So Smith not only acknowledges the pressure put on the US corporate media by the bloggers, but he also points to a virtual social movement around the DSM, with emails and petitions circulating in the hundreds of thousands and giving the Democrats in Congress their first high-profile investigatory opportunity of the Bush presidency.

The seeping of blogistan into the pages of the Times of London with regard to its own scoops seems to me a bellwether of the kinds of changes that are being produced in our information environment by the blogging phenomenon. The gatekeepers at the New York Times and the Washington Post can no longer decide whether a leak is a story or a non-story. The public decides what a story is.

The magnitude of the change is clear in the coverage at the Washington Post. The post, like the New York Times, Newsday, and others, ignored the original Downing Street Memo, published in the London Times on May 1.

The first Washington Post story on the Downing Street Memo was not published until May 13, nearly two weeks after the leak. Walter Pincus, despite doing an excellent job in explaining the significance of the Memo, was however relegated by the editors to page 18.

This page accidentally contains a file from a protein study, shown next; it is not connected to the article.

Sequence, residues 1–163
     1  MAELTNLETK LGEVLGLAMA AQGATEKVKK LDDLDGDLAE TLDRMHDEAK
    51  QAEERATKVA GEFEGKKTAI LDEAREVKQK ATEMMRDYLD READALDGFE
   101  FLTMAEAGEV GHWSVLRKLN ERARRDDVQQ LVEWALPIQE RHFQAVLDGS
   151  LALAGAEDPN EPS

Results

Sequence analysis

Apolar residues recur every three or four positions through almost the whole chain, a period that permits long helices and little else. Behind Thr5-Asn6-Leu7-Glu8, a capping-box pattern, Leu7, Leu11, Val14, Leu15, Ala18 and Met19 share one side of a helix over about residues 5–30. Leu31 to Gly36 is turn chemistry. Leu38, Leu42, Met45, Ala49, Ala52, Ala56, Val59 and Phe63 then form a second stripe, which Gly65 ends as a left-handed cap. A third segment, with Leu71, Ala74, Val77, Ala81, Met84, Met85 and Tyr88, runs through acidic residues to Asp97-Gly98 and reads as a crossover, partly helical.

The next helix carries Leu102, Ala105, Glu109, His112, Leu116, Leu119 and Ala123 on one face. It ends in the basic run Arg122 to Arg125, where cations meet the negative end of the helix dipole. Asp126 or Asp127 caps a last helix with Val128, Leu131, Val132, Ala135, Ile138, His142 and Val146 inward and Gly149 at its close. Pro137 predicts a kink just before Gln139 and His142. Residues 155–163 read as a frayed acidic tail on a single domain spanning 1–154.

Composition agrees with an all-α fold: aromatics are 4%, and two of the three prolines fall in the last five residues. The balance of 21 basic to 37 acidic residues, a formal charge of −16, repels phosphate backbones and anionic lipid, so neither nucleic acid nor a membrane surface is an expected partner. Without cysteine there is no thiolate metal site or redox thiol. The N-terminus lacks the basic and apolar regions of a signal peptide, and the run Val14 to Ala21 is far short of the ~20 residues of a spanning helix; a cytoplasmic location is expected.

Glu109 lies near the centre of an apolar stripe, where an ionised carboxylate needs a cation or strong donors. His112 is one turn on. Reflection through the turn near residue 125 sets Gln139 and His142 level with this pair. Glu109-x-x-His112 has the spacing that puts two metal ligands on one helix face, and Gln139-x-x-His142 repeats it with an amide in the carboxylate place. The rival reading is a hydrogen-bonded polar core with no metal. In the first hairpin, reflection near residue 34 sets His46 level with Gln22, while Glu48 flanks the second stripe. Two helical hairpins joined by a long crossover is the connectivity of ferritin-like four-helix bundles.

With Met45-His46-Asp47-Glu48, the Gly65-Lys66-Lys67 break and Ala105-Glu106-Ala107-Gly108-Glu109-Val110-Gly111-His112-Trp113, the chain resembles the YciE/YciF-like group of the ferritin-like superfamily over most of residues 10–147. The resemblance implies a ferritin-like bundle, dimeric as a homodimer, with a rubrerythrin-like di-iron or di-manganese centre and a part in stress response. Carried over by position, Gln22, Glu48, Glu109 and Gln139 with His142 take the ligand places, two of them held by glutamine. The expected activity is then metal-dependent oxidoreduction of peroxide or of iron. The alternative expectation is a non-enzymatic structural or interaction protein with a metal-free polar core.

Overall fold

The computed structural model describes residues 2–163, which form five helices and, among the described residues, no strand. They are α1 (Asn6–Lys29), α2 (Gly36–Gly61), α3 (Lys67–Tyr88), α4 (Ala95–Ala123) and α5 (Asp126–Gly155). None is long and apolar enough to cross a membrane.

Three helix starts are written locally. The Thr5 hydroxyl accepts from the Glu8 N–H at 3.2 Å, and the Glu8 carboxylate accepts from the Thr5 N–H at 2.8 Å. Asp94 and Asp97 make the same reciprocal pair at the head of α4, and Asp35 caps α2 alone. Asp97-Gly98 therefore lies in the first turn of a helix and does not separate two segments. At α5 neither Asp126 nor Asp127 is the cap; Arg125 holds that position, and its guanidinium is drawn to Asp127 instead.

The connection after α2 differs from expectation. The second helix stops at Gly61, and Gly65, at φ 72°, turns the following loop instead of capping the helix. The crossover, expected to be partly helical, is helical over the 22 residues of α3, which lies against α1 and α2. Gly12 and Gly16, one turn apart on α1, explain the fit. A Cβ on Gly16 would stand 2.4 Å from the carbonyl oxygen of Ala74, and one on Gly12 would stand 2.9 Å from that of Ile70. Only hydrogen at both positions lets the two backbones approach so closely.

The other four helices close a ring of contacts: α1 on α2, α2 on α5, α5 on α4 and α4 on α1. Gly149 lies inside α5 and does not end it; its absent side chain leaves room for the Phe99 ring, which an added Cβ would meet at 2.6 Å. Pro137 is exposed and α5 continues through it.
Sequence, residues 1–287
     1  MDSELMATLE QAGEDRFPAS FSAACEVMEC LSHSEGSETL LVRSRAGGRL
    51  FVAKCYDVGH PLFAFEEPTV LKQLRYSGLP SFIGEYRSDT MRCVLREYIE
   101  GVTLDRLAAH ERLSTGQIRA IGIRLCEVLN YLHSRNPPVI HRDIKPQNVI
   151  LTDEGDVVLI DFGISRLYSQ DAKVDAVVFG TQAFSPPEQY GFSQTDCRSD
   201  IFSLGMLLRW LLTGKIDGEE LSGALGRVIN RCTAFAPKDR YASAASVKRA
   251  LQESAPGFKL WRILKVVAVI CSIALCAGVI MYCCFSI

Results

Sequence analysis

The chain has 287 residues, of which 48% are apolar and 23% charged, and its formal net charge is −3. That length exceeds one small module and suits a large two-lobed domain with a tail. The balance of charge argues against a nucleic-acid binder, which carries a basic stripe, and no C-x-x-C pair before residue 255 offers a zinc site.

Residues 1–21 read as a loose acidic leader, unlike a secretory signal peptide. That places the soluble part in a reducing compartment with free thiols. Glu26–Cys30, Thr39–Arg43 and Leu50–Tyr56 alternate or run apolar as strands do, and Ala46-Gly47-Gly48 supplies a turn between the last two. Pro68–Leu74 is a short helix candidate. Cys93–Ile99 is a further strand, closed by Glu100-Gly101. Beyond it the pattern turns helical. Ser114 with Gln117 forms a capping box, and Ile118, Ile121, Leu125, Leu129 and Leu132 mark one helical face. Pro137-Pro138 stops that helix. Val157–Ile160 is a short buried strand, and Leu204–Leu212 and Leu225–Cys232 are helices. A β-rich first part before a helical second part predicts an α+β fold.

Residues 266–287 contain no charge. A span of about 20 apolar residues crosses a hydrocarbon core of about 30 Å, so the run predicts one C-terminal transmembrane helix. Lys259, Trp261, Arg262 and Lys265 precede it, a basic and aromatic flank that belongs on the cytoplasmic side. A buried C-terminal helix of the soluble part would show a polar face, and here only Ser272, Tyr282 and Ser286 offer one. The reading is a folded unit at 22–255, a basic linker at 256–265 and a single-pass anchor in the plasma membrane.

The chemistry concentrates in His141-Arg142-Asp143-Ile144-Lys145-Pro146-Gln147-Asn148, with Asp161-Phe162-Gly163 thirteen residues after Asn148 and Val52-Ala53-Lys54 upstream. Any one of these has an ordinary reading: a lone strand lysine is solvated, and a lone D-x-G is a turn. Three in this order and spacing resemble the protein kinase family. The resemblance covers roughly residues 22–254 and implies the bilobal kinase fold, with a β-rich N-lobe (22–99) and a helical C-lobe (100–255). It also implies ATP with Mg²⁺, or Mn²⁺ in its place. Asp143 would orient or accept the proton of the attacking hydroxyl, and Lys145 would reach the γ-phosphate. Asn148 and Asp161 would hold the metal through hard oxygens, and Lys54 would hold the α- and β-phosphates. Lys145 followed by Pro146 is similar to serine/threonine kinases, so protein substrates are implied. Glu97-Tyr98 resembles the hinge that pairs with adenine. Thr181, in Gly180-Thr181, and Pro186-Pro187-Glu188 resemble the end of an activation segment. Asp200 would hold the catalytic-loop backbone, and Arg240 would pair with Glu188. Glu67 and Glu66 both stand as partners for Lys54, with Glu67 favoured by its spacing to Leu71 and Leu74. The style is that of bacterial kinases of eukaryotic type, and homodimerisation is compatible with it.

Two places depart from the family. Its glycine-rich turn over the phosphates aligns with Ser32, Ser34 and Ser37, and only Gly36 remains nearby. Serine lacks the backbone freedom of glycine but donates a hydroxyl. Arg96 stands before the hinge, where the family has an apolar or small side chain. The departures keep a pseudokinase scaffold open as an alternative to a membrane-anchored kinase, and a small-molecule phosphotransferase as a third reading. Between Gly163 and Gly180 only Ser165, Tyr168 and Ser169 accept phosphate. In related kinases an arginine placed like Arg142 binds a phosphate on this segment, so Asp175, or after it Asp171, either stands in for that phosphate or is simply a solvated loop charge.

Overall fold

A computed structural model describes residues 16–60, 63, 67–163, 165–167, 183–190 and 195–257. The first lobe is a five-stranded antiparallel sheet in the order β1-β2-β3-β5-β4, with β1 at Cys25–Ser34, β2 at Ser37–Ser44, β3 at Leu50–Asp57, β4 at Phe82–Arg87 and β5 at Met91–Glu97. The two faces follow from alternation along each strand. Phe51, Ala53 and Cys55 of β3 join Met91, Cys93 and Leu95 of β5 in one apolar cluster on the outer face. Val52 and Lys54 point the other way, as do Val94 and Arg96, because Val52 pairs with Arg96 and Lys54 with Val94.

Admittedly, the leaked memo did pose problems for the mainstream media. In order to protect its source, the Times of London had not made available a facsimile of the original, but just retyped it and put it up in HTML. After the trouble Dan Rather got into last summer over the document purportedly about Bush’s service record, any news editor would be nervous about jumping on the DSM bandwagon. Wikipedia notes, “On June 8, 2005, USA Today printed an article by their senior assignment editor for foreign news, Jim Cox, saying with respect to the memo, “We could not obtain the memo or a copy of it from a reliable source. … There was no explicit confirmation of its authenticity from (Blair’s office). And it was disclosed four days before the British elections, raising concerns about the timing.” Bloggers made fun of Cox for “not knowing where to find the memo,” but they don’t have to worry about this issue as much, since they mostly aren’t professional journalists. If the memo turned out to be a fake, they could just say “ooops,” what did I know? As a professional historian, I had more at stake. But I felt that the wording of the leaked memo, its details, and its fit with what else we knew, were sufficient to authenticate it.